It can be seen from Figs. 3 and 4 that the number of signals used and the number of voxels crossed by satellite rays are the same for methods 2 and 3, while that for method 1 is relatively small for the tested period, with an interval of 30 min used throughout. When the signals crossing the side face of the area were used, the signal utilisation rate was increased by 32.84 %, while the number of voxels traversed by rays was improved by 14.09 %, from 64.65 to 78.74 %. However, by comparing the number of initial water vapour density values (see Fig. 5) which we can calculate for methods 2 and 3, we found that the number of initial values calculated of water vapour density from method 2 is less than that of method 3. This is because not all the unit scale factor model data can be established for every layer of the tomographic area based on the old model using radiosonde data. However, the improved method enabled the new unit scale factor model to be established for every layer by using the data from ECMWF grid points.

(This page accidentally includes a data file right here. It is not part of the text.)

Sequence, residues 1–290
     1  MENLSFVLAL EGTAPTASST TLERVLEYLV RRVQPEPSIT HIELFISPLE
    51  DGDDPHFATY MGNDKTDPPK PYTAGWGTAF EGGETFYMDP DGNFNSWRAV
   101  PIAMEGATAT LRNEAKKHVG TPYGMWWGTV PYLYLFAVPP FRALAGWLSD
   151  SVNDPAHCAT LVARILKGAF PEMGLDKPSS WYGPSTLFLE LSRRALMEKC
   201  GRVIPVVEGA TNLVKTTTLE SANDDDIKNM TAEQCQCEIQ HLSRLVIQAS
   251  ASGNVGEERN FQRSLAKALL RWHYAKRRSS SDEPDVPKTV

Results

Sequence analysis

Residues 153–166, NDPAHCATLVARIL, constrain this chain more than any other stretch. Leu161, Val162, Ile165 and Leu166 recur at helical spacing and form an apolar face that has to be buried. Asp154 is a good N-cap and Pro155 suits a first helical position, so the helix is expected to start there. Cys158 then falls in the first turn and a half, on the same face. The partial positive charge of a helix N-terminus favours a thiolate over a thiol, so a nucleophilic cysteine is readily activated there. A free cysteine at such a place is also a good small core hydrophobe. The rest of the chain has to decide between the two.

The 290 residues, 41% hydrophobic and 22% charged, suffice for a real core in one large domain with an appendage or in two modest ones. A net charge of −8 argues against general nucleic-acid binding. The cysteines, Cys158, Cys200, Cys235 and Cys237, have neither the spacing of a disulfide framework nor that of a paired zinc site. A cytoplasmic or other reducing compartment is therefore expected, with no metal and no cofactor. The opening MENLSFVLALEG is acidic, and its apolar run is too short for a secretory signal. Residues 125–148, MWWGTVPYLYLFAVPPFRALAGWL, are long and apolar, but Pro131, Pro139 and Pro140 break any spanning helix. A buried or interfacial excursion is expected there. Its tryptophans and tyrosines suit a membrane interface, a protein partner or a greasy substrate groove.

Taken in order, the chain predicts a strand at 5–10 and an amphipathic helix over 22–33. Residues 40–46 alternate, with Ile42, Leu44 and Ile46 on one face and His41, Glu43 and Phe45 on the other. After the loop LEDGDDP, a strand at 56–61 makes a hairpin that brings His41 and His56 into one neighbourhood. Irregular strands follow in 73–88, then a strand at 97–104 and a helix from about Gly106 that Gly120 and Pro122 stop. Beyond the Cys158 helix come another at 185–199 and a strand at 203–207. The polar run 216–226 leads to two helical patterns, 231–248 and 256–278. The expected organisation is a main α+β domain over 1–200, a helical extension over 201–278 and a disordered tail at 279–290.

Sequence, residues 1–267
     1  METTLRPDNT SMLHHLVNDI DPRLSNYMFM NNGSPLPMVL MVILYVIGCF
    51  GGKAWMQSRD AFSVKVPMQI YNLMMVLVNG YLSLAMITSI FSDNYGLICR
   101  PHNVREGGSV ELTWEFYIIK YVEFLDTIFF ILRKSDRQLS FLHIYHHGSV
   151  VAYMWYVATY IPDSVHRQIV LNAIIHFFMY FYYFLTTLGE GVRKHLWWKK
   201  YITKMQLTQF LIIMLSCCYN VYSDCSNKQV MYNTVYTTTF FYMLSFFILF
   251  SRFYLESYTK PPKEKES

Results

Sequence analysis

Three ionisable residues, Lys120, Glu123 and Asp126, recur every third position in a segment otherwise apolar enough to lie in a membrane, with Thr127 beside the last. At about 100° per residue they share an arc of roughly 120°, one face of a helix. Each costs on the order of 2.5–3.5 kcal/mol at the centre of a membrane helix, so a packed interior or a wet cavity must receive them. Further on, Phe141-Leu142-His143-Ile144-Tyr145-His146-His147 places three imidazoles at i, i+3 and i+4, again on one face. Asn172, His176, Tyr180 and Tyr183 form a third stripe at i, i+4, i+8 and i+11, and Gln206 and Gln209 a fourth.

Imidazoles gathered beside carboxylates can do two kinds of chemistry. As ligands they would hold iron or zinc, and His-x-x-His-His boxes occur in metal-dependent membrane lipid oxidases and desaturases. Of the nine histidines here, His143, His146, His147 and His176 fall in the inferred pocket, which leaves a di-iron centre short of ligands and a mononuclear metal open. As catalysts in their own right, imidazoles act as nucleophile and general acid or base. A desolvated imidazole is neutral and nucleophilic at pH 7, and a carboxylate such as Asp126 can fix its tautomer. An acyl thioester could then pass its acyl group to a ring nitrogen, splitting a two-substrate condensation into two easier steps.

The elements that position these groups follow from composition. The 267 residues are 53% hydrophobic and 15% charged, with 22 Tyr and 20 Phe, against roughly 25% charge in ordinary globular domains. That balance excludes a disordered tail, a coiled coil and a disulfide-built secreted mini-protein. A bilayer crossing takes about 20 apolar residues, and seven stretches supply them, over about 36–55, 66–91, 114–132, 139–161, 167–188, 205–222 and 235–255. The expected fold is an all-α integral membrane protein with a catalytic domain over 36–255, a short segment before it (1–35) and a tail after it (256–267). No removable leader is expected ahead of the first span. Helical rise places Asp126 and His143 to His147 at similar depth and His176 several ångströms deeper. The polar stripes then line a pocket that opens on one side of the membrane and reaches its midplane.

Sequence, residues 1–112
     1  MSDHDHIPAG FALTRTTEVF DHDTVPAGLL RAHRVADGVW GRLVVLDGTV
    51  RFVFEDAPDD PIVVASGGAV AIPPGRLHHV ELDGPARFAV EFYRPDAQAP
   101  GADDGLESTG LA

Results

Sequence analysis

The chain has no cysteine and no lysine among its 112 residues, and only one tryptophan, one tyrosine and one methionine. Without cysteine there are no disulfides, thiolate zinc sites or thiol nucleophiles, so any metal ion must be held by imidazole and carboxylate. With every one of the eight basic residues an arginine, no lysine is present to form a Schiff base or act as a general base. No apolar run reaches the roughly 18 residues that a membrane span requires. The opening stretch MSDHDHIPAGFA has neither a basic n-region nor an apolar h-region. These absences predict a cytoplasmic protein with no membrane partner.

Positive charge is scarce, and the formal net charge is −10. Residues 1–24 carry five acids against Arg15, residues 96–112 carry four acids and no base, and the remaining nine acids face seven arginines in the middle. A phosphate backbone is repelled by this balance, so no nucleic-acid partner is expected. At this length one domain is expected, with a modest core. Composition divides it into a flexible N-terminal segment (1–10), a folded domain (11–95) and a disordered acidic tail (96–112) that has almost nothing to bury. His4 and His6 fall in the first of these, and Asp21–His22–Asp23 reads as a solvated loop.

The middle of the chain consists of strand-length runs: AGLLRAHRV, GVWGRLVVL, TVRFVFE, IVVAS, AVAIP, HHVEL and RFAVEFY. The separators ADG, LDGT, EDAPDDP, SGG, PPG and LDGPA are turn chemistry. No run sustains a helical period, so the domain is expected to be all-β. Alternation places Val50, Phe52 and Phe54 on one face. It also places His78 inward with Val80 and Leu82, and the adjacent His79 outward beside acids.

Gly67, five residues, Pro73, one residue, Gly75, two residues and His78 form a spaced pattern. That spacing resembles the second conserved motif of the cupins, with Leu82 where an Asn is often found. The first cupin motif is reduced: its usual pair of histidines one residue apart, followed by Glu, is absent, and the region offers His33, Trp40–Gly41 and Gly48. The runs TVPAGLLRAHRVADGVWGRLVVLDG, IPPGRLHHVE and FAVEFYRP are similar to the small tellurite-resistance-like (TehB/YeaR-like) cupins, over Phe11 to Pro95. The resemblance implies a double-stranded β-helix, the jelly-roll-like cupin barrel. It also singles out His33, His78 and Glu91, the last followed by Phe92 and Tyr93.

The number of signals used for different methods in the experiment.

The number of voxels crossed by rays for different methods in the experiment.

The number of initial water vapour density values derived from methods 2 and 3 in the experiment.

Internal accuracy of the unit scale factor models used for methods 2 and 3 in the experiment.

External accuracy of the unit scale factor models used for methods 2 and 3 in the experiment.

To validate further the new unit scale factor model, a comparison of the
accuracy comparison of methods 2 and 3 was performed below. On the one hand,
the RMS errors in water vapour density differences derived from the old/new
unit scale factor mode established above and radiosonde/ECMWF data used to
build the unit scale model were calculated to evaluate the internal accuracy
of the two models. On the other hand, the external accuracies of two models